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Tamil Nadu - Coimbatore Printer Friendly Page   Send this Article to a Friend

‘No house site pattas on water bodies'

Special Correspondent

‘High Court order is clear on this'

COIMBATORE: The district administration and the Coimbatore Corporation have asserted that house site pattas will not be given on water bodies for the construction of houses for slum dwellers.

This categorical assertion was made at a recent meeting held at the Corporation to elicit the views of various stakeholders on the civic body's Rs.125-crore project for the rejuvenation of eight water bodies in the city under the Jawaharlal Nehru National Urban Renewal Mission.

Conveying this assertion through a press release, the civic body said the meeting had been organised to elicit the views of water resources activists and various stakeholders.

One of the views was that the areas on the margins of the tanks should be allocated to the slum dwellers living there for 80 years. The rest of the tank space should be rejuvenated.

Reacting to this suggestion, District Collector P. Umanath and Corporation Commissioner Anshul Mishra pointed out the High Court had ordered that encroachments should not be allowed on water bodies.

As for those living in the slums on the water bodies, a housing scheme (Basic Services for Urban Poor) was being implemented under the same mission. Multi-storey tenements were being constructed at Ammankulam and Ukkadam in the city to re-locate these people.

The request for the pattas was made despite the Commissioner having stated clearly at a Corporation Council meeting a few months ago that pattas would not be given on water bodies. The court order was clear on this and there need not be any confusion over it, he had said.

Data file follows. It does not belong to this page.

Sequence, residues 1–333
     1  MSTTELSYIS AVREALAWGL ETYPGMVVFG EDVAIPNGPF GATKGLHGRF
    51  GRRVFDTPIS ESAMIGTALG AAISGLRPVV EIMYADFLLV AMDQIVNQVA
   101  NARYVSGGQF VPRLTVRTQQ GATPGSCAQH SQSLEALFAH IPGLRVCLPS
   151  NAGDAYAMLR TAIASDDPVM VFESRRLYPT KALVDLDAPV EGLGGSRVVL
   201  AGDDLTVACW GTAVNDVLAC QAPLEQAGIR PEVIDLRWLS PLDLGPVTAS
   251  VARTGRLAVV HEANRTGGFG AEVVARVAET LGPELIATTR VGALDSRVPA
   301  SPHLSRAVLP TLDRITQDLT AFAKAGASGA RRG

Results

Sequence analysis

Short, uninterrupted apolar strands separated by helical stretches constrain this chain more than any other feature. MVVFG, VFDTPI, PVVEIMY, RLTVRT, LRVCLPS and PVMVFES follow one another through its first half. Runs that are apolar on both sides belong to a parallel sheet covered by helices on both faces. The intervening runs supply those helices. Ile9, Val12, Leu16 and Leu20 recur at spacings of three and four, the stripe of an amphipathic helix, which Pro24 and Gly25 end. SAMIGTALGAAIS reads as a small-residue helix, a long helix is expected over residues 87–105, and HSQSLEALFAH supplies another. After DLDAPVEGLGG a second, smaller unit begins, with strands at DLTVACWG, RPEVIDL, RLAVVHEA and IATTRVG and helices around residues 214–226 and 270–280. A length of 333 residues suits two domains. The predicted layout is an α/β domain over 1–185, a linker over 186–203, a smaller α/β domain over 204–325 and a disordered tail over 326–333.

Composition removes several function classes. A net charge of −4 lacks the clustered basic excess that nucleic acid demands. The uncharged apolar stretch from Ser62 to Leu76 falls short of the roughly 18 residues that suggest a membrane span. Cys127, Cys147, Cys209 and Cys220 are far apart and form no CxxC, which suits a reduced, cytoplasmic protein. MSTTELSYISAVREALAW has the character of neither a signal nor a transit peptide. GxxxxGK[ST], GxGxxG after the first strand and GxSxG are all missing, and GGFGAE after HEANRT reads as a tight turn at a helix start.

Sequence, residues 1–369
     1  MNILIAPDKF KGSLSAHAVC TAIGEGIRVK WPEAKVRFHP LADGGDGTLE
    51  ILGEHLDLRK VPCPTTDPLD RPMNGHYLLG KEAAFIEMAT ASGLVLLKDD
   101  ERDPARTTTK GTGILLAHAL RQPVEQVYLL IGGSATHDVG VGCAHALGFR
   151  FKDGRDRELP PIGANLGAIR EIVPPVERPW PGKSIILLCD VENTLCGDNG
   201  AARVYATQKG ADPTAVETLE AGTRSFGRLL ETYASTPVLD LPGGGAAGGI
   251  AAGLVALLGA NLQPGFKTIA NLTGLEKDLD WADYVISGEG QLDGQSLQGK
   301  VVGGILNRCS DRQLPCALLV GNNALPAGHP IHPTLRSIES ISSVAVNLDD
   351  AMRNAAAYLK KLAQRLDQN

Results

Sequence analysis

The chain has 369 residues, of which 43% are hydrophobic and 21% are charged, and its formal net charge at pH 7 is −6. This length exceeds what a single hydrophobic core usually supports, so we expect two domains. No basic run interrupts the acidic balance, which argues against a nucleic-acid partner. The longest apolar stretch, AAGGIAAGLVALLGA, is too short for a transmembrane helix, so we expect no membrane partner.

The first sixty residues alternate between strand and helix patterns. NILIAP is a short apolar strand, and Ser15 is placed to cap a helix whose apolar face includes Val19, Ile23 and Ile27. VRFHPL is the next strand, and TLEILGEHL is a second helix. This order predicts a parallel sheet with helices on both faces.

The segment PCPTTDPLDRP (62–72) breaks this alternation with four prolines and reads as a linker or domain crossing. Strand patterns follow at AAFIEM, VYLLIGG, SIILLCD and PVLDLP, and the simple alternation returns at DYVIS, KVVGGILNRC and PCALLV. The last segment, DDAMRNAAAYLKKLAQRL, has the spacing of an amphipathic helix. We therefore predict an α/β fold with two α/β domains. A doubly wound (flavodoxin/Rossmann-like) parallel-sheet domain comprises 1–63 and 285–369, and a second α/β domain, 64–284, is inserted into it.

The Commissioner was responding to a persistent demand from a councillor that houses should be constructed on that very portion of a tank that was encroached by slums.

Siruthuli, a public initiative to conserve water resources, suggested that feeder canals that brought water to the tanks should be maintained well. Only then would rain water flow into the tanks.

It was not enough if recreation facilities alone were created and maintained around the tanks. The removal of silt and other measures for maintenance should be sustained in order to ensure that water flowed into the tanks. Ground water level would rise only if the tanks were full of water. Siruthuli had already de-silted the tanks as part of a people's initiative.

A call to prevent the dumping of debris in tanks was made at the meeting. The public should desist from turning the tanks into debris dumps.

A separate place for dumping these should be specified. The discharge of sewage into the tanks should also be prevented.

Environmental activists cautioned against creating recreation facilities for the public that could prevent migratory birds visiting the tanks.

Every year, 174 species of birds visited these tanks. If too many people flocked to the tanks in the name of recreation, this could disturb the birds and even prevent them from coming here, they said.

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